The geographic distribution of VBDs is influenced by a complex dynamic of environmental and social factors and their changing impact on the transmission and burden of VBDs through effects on their vectors, intermediate hosts and reservoirs. Current changes in the long-term trends of regional weather patterns, referred to as ‘climate change’, are adding new pressures to VBDs . The impacts are anticipated to be significant, in terms of VBDs-related hazards, vulnerabilities and exposure. There is existing evidence to suggest that climate change impacts will substantially increase burdens on those people that are already vulnerable to climate extremes, such as those in the African continent , notably the drylands in the sub-Saharan region. Already this region is bearing the brunt of the disease burden due to VBDs and yet this region is also challenged by environmental changes, including climate change , which are perceived to induce multiple threats to development in the African continent. With climate change adding new pressure on already fragile ecosystems and populations, the African continent may face increased threats from VBDs since important disease vectors/intermediate hosts (e.g. insects, snails) depend on water and other environmental factors. Increasingly scarce water sources concentrate people and animals in specific locations, which can become hotspots for VBD transmission.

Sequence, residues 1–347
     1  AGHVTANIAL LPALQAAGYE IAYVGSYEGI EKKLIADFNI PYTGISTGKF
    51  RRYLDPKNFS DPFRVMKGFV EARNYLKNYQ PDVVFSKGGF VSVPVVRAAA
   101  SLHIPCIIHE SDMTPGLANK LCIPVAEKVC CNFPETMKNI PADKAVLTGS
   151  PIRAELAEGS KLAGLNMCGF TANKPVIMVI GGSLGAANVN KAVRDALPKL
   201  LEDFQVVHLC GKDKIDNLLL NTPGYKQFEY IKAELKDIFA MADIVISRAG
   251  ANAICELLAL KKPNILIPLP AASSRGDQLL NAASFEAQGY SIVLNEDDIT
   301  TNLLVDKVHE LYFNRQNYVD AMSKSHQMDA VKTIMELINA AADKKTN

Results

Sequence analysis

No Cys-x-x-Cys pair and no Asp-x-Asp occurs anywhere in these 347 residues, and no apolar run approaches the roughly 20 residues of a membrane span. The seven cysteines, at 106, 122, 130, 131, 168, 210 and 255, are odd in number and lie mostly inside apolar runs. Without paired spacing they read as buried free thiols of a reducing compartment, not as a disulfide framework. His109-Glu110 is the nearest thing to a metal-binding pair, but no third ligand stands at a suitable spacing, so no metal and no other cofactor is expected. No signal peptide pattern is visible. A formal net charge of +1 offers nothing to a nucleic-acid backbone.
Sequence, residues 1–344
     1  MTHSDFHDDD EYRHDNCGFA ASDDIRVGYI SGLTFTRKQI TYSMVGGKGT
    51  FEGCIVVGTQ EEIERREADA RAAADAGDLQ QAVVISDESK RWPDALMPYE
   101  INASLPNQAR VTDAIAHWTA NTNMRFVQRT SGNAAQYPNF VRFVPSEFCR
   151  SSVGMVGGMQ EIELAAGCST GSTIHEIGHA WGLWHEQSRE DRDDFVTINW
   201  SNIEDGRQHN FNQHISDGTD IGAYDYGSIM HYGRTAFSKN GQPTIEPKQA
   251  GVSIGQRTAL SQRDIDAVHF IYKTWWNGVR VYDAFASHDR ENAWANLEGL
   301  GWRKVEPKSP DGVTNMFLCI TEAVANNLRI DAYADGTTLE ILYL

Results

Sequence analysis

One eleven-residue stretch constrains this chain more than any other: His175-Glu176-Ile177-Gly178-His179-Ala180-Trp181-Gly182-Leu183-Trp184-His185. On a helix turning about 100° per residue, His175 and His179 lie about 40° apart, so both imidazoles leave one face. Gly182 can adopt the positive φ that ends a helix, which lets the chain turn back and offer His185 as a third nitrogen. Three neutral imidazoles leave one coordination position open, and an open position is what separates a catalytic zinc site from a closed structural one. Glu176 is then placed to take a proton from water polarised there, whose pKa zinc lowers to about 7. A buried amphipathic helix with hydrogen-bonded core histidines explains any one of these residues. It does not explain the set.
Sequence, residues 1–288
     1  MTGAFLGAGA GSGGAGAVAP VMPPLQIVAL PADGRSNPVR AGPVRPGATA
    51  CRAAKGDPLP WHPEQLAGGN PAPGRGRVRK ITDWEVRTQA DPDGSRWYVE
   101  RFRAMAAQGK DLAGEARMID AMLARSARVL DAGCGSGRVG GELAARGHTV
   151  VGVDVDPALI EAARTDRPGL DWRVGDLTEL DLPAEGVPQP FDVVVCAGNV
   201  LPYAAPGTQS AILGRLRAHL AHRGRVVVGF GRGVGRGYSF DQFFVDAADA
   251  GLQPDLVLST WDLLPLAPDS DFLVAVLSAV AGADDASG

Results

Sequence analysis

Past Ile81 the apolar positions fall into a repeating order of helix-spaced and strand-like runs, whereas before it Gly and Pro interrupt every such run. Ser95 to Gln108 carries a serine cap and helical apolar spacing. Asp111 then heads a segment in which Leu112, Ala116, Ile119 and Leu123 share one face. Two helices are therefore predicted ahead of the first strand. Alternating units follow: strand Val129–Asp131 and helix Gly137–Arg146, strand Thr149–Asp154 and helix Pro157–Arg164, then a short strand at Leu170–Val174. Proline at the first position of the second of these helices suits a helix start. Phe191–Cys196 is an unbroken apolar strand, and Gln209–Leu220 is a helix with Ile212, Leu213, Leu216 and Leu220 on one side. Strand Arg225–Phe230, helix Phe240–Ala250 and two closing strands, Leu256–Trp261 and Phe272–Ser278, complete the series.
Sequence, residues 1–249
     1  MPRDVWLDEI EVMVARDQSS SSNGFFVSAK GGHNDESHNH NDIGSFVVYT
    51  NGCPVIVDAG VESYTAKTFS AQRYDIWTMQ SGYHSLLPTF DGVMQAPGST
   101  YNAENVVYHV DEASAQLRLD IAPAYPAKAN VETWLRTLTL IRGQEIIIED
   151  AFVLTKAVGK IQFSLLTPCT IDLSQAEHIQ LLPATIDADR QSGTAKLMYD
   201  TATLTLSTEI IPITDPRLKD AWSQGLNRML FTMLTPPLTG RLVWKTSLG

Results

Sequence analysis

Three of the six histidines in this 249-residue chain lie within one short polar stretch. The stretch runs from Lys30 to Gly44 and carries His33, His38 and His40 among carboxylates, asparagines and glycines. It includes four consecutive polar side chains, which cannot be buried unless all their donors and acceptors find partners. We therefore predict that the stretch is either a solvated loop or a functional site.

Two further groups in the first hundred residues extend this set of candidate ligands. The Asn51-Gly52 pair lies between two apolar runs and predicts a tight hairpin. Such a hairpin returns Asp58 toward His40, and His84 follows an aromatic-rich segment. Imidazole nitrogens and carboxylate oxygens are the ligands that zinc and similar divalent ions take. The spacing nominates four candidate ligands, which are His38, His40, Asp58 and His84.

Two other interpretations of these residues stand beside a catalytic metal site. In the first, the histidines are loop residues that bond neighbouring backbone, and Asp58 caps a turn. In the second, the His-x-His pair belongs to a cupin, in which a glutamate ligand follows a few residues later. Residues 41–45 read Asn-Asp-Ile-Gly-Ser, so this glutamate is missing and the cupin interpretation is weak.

There are several broad policy frameworks that call for action to address the impact of climate change on health. One such framework is the Paris Agreement for climate actions and building resilience, which is one of the essential facets contributing to the achievement of the United Nations Sustainable Development Goals 2016–2030 . Likewise, there are several global mechanisms such as the WMO (World Meteorological Organization) Global Framework of Climate Services (GFCS) for coordinated actions for the enhancement of the quality, quantity and application of climate services; the UNFCC (United National Framework – Convention on Climate Change), the International Health Regulations for the improvement of the capacity of countries to respond to public health threats; and the Climate for Development in Africa Initiative (ClimDev-Africa) for overcoming climate information gaps, for analyses leading to adequate policies and decision-making. In Africa, emphasis on the co-benefits of responding to health threats in the context of a changing environment is highlighted in the Libreville Declaration of 2008, followed by the Luanda Commitment of 2010. Signed by African ministers responsible for health and environment, these two documents acknowledged the serious threat to health of environmental risks (including climate change) and the urgency for multisectoral actions and linkages in the health and environment sectors through the Framework and Plan of Action for Public Health Adaptation to Climate Change in the African Region .